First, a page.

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CIOs Under Pressure

IT officers are getting more efficient, but guess what keeps them up at night?

Fortnightly Magazine - March 2007

we spend our IT money. I don’t think it’s all that different from a CIO position, except that we’re a relatively small company from an employee standpoint. We only have 250 employees. We don’t have the layers of management that would give you the CIO position. We don’t need any more “C”-level employees.

Fortnightly: How does ITC’s acquisition of Michigan Electric Transmission Co. (METC) affect your role and workload at the company?

DesRosiers: My workload is up significantly. The same is true for all IT staff—and the whole company, for that matter. In IT, we had to work on integration on several fronts. The basic network and desktop integration was relatively simple, and we had a good amount of time to plan. So we wrapped those up shortly after closing. The business systems—financial and supply chain—take longer. We have just finished integrating them. The biggest integration issue was the transmission management system (TMS).

We essentially added all of the METC stations to the existing ITC databases and models. This nearly doubled the number of data and control points in the field, which has a major impact on your databases and your network applications. You also need to ensure the accuracy of all of the thousands of displays that the operators look at in the system.

We are within a couple weeks of having things completely integrated, which is a pretty amazing feat considering that due to the timing of the acquisition, we weren’t able to really get started until September last year. To put things in perspective, a typical EMS (we call it a TMS because we are transmission only) installation would take two to three years.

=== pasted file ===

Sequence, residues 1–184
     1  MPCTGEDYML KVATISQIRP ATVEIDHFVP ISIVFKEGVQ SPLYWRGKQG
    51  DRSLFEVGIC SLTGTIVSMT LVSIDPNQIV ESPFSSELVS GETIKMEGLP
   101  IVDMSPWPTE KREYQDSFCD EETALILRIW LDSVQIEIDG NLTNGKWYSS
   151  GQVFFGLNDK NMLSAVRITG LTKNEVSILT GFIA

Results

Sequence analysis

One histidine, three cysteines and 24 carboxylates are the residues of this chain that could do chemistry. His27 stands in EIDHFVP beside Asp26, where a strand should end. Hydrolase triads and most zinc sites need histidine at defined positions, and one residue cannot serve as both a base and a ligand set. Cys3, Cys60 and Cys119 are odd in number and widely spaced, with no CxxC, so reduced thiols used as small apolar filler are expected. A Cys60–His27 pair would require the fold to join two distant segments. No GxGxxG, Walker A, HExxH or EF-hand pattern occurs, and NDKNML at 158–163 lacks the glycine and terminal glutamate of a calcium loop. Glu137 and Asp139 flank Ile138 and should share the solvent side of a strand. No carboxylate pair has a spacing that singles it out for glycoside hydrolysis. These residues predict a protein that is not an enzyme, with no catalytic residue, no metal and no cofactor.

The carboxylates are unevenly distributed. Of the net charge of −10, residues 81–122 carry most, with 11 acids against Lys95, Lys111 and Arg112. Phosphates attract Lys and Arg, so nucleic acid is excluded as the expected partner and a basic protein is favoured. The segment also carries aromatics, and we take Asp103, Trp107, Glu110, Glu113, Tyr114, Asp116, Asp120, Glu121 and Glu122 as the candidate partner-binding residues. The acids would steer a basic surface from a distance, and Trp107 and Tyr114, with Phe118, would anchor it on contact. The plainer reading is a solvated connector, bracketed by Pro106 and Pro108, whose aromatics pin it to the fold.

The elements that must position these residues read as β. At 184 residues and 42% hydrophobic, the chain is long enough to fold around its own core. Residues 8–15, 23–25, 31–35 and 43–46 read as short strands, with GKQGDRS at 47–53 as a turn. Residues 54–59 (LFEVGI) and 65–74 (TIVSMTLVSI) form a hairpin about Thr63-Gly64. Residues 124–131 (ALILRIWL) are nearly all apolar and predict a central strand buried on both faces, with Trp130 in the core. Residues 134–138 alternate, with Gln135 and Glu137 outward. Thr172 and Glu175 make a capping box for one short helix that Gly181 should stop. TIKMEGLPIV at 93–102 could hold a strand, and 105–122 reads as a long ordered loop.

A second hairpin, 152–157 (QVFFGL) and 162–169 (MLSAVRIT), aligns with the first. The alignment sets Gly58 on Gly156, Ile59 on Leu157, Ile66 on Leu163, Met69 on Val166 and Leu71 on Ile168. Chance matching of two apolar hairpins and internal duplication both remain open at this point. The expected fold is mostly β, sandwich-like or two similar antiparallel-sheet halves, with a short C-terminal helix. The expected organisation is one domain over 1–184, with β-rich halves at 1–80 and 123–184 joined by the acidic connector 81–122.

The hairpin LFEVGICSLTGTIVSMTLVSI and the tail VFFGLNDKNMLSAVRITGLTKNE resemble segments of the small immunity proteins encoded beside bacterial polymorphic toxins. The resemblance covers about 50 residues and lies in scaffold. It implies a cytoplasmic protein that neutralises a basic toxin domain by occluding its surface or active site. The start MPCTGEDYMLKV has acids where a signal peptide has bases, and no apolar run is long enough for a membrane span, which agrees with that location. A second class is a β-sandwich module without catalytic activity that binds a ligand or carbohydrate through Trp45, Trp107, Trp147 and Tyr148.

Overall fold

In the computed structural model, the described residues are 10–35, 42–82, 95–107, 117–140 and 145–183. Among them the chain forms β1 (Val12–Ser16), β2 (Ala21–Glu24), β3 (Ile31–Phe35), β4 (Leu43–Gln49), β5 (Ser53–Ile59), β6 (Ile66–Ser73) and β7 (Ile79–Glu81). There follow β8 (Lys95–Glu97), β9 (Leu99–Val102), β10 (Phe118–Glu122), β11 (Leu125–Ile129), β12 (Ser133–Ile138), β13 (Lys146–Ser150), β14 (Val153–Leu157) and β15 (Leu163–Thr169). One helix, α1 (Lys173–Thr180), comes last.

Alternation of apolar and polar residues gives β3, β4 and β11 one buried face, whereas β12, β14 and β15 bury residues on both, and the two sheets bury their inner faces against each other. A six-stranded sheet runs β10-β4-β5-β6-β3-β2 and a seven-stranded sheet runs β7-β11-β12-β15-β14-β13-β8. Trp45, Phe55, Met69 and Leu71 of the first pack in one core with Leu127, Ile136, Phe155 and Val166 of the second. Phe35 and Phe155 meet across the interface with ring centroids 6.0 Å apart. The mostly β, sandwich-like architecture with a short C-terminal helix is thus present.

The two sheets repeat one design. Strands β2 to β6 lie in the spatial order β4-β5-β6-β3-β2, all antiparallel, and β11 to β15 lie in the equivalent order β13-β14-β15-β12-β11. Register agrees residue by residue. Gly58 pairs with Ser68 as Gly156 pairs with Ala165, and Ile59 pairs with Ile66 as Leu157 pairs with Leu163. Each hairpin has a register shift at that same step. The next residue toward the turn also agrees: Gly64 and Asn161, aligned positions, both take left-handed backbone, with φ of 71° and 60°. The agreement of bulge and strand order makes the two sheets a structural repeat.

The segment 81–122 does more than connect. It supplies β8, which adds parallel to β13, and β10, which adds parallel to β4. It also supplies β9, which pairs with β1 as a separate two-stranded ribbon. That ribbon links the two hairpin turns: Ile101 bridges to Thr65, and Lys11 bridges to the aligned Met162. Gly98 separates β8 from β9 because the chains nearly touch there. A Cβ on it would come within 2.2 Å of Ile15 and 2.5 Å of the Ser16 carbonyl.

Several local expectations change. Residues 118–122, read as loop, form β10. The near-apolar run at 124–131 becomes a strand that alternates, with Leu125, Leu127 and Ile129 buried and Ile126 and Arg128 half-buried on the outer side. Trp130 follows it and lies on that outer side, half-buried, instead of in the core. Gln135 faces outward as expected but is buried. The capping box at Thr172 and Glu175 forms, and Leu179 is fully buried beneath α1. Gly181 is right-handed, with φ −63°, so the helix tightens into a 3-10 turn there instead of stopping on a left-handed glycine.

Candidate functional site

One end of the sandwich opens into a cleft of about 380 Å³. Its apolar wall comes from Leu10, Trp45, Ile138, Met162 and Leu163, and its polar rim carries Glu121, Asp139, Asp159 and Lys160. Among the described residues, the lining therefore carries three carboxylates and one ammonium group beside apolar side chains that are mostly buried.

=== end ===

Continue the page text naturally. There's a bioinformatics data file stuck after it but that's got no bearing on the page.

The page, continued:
Fortnightly: What IT issues affect your transco that might not affect investor-owned utilities?

DesRosiers: I think it is more interesting to talk about the types of issues that don’t affect us. On the IT side, because we are a Midwest Independent System Operator (MISO) member, and because transmission is our only business, it means we don’t need a billing system. Billing systems can be a nightmare. The fact that we don’t have one allows us to focus on our TMS.

The complexity of maintaining a real-time SCADA system with 200-plus geographically dispersed locations cannot be overstated, particularly when you consider that this system has been in flux since the day we took control of it in 2004, when we needed to put our own monitoring and control equipment in the field. The METC acquisition means that the system will continue to be in flux. Other utilities might do a database change on their EMS once a month, whereas we make them 2 or 3 times a week. What makes this possible is a dedicated staff, a ton of coordination, and the rigorous procedures that they have developed to cover all the contingencies.

Fortnightly: What are some of the specific challenges in your Michigan service territory?

DesRosiers: Michigan has unique operational features. We are a peninsula; 6,000 MW of energy within our service territory is provided by independent power producers, and Michigan has an active retail

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